Shelves: hackerspotting
(3.5) Very interesting topic, not that well written

But at least it's short and he didn't draw it out too much. Lots of goods on cybercriminals, stealing credit card info, identities etc. and big window on the black market in which these good are bought and sold regularly. I have to guess that there's a big bias in the main players covered in the book toward those who were caught and turned on their colleagues, as I got the impression that nearly everyone involved snitched on someone else (except
Wade Brooks
If you want to know the current state of hacking, cyber crime and identity theft this is a good read about Max Butler, aka Max Vision, aka Iceman. This is a biography and real life thriller loaded with twists and turns. As would be expected in a cyberspace business it is a no-honor-amongst-thieves story set in the high profile identity theft business. Max Butler ran Carders Market an underground online auction house brokering billions of dollars in stolen credit card data internationally.
Adam Robinson
I've been waiting on this one to come out on audio book. I'm a fan of Wired so knowing this came from one of the main editors was a selling point for me. In the end though this one is just fine. It's not bad but it's not as gripping at Mitnick's autobiography in Ghost in the Wires or the new Countdown to Zero Day. This book focuses more on the individual scamming hacker world and credit card hacking in particular. For that it was very informative and interesting. And I never felt bored with it, ...more
I will not loose a lot of words about this book, since this is probably something most of you have no real interest in.

This is the true story of the Hacker Max Butler and how he took over the "carding" scene (trading of stolen / fake credit cards, IDs, and so on). It is, as I said, based on a real story, so that makes it less of a thriller and more of a "history book", although said history is only a few years old.

I, as a computer science student with an interest in computer security, found this
A good read that is fast paced and riveting due this being a true event with locales in my own backyards of San Francisco and Los Angeles. The book chronicles the life of a hacker from his well-intentioned beginnings to becoming the underground's digital mastermind.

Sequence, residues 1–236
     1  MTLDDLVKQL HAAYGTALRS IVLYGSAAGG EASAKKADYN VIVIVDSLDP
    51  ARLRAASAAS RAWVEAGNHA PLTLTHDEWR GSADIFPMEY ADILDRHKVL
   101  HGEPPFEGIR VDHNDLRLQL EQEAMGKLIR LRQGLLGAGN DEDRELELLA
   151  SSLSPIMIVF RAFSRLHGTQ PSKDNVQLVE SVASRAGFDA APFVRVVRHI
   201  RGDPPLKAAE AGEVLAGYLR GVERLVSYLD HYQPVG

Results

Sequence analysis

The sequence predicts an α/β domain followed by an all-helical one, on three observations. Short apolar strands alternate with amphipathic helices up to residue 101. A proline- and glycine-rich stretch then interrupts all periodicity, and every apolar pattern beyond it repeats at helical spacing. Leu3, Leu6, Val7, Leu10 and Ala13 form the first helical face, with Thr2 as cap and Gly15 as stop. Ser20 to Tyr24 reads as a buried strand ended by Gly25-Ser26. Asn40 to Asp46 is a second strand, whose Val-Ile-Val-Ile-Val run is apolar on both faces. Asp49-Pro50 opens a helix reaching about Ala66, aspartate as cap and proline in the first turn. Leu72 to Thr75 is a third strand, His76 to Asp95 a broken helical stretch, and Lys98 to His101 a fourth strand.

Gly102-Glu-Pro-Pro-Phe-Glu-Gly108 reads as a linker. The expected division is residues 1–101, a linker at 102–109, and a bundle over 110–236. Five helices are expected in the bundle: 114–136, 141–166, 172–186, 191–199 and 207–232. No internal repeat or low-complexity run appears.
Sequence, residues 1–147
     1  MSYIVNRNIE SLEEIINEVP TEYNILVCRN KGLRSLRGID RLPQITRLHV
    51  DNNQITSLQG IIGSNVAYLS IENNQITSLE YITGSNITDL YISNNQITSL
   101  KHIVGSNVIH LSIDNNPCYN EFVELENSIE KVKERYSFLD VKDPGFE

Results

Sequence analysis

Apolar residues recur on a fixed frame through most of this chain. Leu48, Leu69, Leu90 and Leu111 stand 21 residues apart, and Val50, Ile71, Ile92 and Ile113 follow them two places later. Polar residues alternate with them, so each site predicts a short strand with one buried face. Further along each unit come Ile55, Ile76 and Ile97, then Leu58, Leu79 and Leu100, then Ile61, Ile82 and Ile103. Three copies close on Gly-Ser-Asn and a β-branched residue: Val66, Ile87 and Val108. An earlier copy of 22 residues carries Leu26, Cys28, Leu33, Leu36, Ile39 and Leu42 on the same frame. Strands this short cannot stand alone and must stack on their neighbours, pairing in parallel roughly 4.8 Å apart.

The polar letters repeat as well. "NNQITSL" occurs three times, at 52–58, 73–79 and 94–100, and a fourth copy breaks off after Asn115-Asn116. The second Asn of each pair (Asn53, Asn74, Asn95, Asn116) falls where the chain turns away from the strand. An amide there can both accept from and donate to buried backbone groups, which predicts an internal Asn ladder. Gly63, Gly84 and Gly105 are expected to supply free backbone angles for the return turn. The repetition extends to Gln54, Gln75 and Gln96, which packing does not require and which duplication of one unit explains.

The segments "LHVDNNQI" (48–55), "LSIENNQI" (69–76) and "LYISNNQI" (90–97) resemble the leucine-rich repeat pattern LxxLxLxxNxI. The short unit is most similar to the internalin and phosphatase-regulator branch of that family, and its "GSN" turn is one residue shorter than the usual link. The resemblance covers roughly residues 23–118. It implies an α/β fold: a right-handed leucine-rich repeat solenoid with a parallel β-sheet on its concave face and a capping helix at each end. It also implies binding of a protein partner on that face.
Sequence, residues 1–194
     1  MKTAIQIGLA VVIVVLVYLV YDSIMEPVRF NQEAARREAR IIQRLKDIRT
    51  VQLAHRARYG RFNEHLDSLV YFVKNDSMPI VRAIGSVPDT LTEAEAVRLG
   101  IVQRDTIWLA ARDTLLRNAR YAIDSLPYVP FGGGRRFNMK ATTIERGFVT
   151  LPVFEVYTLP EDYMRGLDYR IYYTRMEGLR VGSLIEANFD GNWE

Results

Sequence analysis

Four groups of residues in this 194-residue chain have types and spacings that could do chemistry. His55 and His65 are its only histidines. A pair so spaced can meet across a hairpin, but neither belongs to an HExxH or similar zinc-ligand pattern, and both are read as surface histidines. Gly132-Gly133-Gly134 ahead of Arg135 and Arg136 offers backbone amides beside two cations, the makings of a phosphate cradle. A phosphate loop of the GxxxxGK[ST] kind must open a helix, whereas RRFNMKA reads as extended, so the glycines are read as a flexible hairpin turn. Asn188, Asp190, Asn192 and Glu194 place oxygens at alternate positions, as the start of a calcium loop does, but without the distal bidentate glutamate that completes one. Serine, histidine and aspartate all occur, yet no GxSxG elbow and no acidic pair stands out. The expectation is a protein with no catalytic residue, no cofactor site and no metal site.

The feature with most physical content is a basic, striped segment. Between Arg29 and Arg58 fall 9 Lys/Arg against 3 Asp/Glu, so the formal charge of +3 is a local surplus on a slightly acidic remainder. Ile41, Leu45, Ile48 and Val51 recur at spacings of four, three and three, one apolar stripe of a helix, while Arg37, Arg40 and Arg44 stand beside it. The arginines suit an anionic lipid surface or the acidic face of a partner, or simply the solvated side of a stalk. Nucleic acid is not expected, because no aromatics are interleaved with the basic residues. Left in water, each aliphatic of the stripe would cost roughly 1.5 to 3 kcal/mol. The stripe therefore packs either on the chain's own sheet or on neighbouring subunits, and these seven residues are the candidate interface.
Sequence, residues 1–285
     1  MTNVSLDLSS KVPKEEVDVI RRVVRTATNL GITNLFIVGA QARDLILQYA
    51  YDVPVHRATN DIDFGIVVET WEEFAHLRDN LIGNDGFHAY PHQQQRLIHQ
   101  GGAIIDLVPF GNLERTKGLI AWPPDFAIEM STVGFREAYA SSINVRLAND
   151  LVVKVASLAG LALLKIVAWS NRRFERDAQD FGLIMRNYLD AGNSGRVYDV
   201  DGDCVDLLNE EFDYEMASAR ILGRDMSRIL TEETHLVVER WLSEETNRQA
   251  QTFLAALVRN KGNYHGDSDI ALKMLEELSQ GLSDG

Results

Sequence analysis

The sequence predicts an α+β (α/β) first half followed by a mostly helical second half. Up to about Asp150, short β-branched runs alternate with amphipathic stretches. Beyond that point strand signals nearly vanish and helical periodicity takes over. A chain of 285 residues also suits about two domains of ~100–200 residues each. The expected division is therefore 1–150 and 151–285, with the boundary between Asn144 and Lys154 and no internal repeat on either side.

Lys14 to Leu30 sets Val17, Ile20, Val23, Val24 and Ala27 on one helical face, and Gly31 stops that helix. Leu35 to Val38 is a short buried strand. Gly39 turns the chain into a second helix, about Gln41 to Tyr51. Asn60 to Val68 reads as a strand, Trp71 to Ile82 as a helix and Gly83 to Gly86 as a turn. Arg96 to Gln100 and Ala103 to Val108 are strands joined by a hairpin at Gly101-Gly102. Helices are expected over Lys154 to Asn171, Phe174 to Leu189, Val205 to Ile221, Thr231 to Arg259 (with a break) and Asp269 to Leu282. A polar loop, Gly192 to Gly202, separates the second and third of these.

Growing up in the age of the Internet makes this story ever more so real. Poulsen elaborates on events in the recent years that make us sit back and think, "Wow, he did that?". Indeed, Max did. Max's early beginnings were chaotic and
Amar Pai
Not bad, but I'd wait for the paperback. Nothing really revelatory if you're interested in the hacker underground. I've seen better dark side articles from Wired, e.g. "The Shadow Internet". To be fair, the carding specific stuff in Kingpin was pretty interesting, and I hadn't seen it written about at length anywhere else. (though I had read about the TJ Maxx breach on slashdot.) Suffice to say after reading this book you will get the jimblies every time you swipe your card at a gas station or a ...more
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Mr. Poulson is a former hacker turned technology journalist, focusing on computer security.

From Wikipedia:

"Poulsen has reinvented himself as a journalist since his release from prison, and sought to distance himself from his criminal past.

Poulsen served in a number of journalistic capacities at California-based security research firm SecurityFocus, where he began writing security and hacking news
More about Kevin Poulsen...
Kingpin: The true story of Max Butler, the master hacker who ran a billion dollar cyber crime network